Truck driver George Earls says the ride in his big rig along Interstate 40 reminds him of the rodeo: "Strap on your seat belt, and hold on tight.” He and other drivers are feeling the bumps and jolts of roadways that have deteriorated under heavy traffic, years of neglect and, more recently, a particularly severe winter that has opened up countless potholes. Earls, a Knoxville, Tenn., man who has traveled across the country during his 37-year career, says as soon as he crosses into Oklahoma, he can feel his truck bouncing over broken patches, uneven pavement and dips in the road. State transportation officials say decades of insufficient funding caused them to forgo much- needed preservation and rehabilitation work. "It was like having five hungry kids at the table and only having money to feed two of them,” said Terri Angier, a spokeswoman for the state Transportation Department. "That’s what we dealt with for years.” She said heavily traveled I-40 is a concern. Suburban growth has boosted traffic and further stressed the highway from Oklahoma City east to Shawnee and west to El Reno. During the past few years, larger funding allocations have allowed the department to start making more improvements. But with an estimated $11 billion backlog in overall transportation construction funding, it will take years for projects to be finished. "It took 40 years of underfunding to get us where we were,” Angier said. "It’s going to take at least 10, 15 years for us to show the results that the average driver can see that there is improvement. We have really just begun that journey.” Snow and ice this winter caused even more problems. Salt and sand used to melt snow and ice are corrosive to metal bridges, said Casey Shell, director of operations for the state Transportation Department. Potholes are a result of moisture and freeze-thaw cycles. When water sits on the road surface or is trapped under a layer of snow, it can seep down between the layers of asphalt and freeze. As it freezes, it expands and starts popping off the top layer of asphalt. Traffic runs over it, creating potholes. Oklahoma’s urban highways are among the worst in the nation, according to a report by the American Association of State Highway and Transportation Officials and The Road Information Program (TRIP), a national transportation research group. The report, titled "Rough Roads Ahead: Fix Them Now or Pay for It Later,” evaluated road conditions in the nation’s largest urban areas. In Oklahoma City, 41 percent of roads are in poor condition, which costs the average driver $631 a year, the report states. Oklahoma City has the 15th-highest percentage of poor roads among large urban areas in the nation. Tulsa ranks ninth, with nearly 50 percent of major roads in poor condition. Just hitting one big pothole could cause a tire to blow, said Lionel Carrisalez, manager of Hibdon Tires Plus, 4800 Northwest Expressway. Potholes and rough surfaces can also hurt a car’s alignment, damage front end components and wear out shock absorbers. James Jones, a truck driver from Memphis, hauls beef and pork across the country. He said the shaking and jerking on some especially rough patches of Interstate 40 takes many truckers by surprise. Jones said the bed of his truck sways when he drives over the bumps. "It’s pretty rough,” Jones said. "Freight gets jumbled around. Some guys have lost freight.” This summer, crews will be replacing pieces of concrete that are broken or rough along Interstate 40 between Oklahoma City and Shawnee. Other I-40 projects planned during the next few years between Oklahoma City and Shawnee include resurfacing, reconstruction and the addition of lanes along the Choctaw Road interchange and reconstruction and the addition of lanes between mile markers 170 and 173 at the Harrah/Newalla Road interchange.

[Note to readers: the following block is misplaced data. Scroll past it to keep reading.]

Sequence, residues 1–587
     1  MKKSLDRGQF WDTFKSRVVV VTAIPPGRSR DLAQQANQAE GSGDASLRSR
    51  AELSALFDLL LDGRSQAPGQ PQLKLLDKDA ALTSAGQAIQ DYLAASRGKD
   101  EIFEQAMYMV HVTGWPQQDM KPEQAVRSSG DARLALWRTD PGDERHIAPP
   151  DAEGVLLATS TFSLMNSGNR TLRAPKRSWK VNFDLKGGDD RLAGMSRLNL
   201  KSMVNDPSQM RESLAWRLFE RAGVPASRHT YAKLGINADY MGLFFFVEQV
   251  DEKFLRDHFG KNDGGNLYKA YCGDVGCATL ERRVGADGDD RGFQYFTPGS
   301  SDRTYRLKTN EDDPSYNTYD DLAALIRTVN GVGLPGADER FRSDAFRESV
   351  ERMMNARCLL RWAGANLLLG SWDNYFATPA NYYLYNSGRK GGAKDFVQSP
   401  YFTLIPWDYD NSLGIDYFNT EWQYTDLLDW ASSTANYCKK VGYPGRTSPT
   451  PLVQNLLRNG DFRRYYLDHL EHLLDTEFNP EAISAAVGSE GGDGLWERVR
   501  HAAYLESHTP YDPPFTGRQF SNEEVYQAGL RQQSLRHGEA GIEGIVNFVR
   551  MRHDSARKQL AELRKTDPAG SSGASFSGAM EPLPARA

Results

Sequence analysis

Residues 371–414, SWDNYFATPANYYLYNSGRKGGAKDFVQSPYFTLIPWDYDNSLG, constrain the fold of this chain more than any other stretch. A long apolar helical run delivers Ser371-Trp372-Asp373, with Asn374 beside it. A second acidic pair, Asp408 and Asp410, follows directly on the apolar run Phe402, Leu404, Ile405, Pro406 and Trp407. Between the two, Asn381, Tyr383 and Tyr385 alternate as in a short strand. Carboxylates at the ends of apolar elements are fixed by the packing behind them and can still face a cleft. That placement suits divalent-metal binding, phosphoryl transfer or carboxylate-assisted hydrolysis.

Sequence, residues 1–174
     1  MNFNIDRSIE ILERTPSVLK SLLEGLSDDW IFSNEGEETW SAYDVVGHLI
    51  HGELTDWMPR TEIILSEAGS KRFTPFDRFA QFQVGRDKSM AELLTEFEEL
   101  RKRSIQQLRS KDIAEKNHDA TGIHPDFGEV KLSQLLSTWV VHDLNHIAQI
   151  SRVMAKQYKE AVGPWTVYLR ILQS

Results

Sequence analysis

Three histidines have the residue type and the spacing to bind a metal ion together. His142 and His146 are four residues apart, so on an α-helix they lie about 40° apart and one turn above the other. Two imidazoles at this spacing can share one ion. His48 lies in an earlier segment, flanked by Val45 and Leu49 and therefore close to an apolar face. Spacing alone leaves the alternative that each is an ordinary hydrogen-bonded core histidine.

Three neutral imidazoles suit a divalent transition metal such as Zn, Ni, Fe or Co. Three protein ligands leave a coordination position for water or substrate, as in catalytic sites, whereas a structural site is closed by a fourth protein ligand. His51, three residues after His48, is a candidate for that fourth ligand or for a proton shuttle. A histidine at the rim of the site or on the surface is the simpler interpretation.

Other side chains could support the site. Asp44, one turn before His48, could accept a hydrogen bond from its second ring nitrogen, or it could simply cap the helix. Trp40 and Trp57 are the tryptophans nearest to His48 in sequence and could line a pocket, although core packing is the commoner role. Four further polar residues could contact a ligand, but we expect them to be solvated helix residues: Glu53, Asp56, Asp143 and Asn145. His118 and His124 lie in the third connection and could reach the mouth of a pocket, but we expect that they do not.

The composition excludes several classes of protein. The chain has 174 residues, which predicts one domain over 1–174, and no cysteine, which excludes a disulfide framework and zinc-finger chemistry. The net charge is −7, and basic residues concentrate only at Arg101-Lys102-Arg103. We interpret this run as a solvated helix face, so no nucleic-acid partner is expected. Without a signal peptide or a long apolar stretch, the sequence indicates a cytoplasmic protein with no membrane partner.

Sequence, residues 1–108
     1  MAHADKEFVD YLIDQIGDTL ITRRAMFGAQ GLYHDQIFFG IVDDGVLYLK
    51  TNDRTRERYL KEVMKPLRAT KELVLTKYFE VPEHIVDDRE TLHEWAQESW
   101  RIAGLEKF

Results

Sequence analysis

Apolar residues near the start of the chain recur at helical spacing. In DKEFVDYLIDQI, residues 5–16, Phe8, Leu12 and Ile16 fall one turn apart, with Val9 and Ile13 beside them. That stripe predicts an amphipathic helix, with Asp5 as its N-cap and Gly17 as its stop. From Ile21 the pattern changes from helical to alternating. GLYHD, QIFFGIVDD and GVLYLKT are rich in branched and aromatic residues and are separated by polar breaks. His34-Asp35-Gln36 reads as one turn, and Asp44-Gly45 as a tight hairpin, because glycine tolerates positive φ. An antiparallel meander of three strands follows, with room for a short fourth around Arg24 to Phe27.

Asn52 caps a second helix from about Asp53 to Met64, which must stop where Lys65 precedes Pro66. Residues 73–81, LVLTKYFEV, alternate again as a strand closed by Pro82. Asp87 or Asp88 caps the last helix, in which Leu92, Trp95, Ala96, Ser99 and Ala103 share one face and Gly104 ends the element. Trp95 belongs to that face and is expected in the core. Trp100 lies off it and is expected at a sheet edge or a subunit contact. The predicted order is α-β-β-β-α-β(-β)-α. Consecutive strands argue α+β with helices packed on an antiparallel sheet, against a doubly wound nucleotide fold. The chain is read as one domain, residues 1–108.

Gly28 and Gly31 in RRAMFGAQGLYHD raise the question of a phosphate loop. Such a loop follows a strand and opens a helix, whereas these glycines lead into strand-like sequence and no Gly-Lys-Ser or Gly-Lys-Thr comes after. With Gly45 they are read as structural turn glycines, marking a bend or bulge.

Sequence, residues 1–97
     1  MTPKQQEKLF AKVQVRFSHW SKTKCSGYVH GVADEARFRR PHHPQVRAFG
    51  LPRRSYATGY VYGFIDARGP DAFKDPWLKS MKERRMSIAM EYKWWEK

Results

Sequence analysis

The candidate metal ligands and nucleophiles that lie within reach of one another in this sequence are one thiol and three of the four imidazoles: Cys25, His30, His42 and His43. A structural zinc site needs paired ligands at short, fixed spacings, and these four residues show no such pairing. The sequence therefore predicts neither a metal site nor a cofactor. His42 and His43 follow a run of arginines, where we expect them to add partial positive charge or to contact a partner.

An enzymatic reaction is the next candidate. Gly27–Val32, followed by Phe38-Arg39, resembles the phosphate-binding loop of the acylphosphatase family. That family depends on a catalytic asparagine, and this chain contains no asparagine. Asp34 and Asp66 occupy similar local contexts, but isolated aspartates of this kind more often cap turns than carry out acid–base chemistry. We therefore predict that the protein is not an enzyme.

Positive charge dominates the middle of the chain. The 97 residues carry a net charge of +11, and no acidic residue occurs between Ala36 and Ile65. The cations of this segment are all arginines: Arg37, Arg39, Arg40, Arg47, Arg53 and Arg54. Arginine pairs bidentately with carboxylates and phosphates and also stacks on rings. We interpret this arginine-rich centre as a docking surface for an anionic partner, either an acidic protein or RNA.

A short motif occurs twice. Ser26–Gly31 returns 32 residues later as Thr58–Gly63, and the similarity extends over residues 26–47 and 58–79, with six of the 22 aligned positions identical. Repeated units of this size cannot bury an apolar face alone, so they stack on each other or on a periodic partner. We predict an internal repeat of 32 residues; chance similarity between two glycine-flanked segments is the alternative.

The major projects include:
• Addition of lanes on Interstate 44 from the Arkansas River, extending east 1.1 miles to east of Peoria Avenue in Tulsa.
• Resurface work on Interstate 40 from mile post 325.02 to mile post 330.66
• Replacement of pieces of concrete that are broken or especially rough along Interstate 40 between Oklahoma City and Shawnee
• Roadway and bridge tie-ins at the east end of the new Interstate 40 Crosstown corridor
• Surface work on southbound to westbound off-ramps at the Interstate 235/Interstate 44 interchange.